Allostatic load as predictor of mortality: a cohort study from Lolland-Falster, Denmark

Neda Esmailzadeh Bruun-Rasmussen*, George Napolitano, Christian Christiansen, Stig Egil Bojesen, Christina Ellervik, Randi Jepsen, Knud Rasmussen, Elsebeth Lynge

*Corresponding author af dette arbejde

Publikation: Bidrag til tidsskriftArtikelForskningpeer review


OBJECTIVES: The purposes of the present study were to determine the association between (1) 10 individual biomarkers and all-cause mortality; and between (2) allostatic load (AL), across three physiological systems (cardiovascular, inflammatory, metabolic) and all-cause mortality.

DESIGN: Prospective cohort study.

SETTING: We used data from the Lolland-Falster Health Study undertaken in Denmark in 2016-2020 and used data on systolic blood pressure (SBP) and diastolic blood pressure (DBP), pulse rate (PR), waist-hip ratio (WHR) and levels of low-density lipoprotein cholesterol (LDL-c), high-density lipoprotein cholesterol (HDL-c), triglycerides, glycated haemoglobin A1c (HbA1c), C-reactive protein (CRP) and serum albumin. All biomarkers were divided into quartiles with high-risk values defined as those in the highest (PR, WHR, triglycerides, HbA1c, CRP) or lowest (HDL-c, albumin) quartile, or a combination hereof (LDL-c, SBP, DBP). The 10 biomarkers were combined into a summary measure of AL index. Participants were followed-up for death for an average of 2.6 years.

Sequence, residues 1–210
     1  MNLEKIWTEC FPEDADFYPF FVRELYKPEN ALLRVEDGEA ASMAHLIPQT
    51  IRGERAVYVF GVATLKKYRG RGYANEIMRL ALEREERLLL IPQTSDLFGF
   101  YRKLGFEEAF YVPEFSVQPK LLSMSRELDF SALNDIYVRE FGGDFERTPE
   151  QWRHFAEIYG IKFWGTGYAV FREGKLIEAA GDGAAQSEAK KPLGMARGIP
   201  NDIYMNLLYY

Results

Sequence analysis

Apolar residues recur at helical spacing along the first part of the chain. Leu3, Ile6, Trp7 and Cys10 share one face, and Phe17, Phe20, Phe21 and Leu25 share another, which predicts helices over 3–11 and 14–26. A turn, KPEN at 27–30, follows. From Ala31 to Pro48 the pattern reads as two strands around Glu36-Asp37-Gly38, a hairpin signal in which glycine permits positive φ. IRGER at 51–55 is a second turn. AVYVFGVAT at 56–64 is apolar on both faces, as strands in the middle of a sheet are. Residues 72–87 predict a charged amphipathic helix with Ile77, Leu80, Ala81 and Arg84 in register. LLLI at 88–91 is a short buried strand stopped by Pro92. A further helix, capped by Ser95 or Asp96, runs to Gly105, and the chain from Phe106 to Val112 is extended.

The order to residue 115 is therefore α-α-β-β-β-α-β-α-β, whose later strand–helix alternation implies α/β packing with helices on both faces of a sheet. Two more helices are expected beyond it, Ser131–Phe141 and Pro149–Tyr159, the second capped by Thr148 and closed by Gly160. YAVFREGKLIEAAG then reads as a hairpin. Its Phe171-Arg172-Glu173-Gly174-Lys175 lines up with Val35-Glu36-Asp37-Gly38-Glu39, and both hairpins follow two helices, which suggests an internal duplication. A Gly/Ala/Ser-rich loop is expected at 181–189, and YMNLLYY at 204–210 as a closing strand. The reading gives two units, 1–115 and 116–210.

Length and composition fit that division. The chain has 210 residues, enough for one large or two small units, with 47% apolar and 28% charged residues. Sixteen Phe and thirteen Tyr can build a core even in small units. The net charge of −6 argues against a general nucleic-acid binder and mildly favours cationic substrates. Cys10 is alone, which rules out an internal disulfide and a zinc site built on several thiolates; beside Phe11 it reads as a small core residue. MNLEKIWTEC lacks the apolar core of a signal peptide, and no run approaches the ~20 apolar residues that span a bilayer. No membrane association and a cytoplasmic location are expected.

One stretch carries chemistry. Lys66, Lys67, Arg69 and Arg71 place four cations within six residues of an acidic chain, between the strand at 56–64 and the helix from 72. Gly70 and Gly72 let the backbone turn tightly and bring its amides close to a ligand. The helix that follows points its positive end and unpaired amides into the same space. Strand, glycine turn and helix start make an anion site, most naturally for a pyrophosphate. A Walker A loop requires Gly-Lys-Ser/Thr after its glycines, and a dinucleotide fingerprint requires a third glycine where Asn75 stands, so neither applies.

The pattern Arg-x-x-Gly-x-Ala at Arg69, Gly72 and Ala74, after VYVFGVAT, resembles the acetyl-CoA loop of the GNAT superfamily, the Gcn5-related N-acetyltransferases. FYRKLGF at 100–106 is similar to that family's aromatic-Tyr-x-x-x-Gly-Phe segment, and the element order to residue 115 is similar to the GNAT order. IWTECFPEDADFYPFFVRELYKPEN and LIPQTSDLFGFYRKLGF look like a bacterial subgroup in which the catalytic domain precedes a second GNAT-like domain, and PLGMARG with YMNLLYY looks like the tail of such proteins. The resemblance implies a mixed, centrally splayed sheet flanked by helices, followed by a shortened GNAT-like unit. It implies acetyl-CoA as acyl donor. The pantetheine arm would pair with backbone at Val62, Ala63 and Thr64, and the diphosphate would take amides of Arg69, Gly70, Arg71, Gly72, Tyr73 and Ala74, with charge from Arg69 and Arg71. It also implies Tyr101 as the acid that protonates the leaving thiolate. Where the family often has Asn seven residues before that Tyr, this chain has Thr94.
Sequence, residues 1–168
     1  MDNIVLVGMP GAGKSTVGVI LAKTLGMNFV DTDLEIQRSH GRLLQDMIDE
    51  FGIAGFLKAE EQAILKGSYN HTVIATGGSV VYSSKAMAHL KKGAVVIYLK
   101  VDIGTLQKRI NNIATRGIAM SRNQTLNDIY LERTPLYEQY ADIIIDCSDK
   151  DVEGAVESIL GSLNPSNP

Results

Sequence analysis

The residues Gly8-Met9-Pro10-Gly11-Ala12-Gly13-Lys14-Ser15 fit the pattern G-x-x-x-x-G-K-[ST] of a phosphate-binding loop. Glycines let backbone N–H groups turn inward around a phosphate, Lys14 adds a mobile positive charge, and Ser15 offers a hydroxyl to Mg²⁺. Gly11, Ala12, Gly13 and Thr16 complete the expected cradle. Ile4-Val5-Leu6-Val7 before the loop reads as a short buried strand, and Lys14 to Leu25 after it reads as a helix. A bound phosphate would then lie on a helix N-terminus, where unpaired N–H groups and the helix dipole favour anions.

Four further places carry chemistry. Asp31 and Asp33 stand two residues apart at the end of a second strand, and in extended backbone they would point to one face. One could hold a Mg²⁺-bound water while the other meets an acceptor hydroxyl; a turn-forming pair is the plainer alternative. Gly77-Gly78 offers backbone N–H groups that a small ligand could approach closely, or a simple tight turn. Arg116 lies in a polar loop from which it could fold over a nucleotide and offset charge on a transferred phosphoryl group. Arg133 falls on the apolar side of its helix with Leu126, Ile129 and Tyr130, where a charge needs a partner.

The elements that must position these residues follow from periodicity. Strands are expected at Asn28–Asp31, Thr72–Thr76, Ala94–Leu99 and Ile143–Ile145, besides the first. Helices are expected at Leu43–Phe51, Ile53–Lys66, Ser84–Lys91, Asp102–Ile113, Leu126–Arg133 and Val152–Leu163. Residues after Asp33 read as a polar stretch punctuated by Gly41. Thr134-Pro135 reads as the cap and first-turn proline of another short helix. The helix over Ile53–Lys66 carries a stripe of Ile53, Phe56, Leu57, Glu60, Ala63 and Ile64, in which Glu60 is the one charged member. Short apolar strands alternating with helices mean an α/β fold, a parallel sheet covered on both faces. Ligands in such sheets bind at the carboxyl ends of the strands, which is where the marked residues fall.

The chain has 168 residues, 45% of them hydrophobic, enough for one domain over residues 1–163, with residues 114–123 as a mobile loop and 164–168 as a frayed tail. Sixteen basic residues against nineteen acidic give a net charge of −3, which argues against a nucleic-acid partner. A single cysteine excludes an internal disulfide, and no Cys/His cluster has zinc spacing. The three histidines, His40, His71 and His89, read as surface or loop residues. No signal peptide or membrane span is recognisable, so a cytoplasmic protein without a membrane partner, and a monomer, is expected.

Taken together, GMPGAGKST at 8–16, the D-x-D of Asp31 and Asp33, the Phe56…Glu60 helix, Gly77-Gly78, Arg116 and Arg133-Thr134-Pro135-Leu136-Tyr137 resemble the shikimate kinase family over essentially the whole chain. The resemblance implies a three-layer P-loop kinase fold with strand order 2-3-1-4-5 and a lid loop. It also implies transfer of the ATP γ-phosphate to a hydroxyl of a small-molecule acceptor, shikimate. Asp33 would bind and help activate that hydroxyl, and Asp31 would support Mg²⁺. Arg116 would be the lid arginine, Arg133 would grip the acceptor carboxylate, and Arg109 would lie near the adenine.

PARTICIPANTS: We examined a total of 13 725 individuals aged 18+ years.

PRIMARY OUTCOME MEASURE: Cox proportional hazard regression (HR) analysis were performed to examine the association between AL index and mortality in men and women.

RESULTS: All-cause mortality increased with increasing AL index. With low AL index as reference, the HR was 1.33 (95% CI: 0.89 to 1.98) for mid AL, and HR 2.37 (95% CI: 1.58 to 3.54) for high AL.

CONCLUSIONS: Elevated physiological burden measured by mid and high AL index was associated with a steeper increase of mortality than individual biomarkers.

TidsskriftBMJ open
Udgave nummer5
StatusUdgivet - 27 maj 2022

Bibliografisk note

© Author(s) (or their employer(s)) 2022. Re-use permitted under CC BY-NC. No commercial re-use. See rights and permissions. Published by BMJ.


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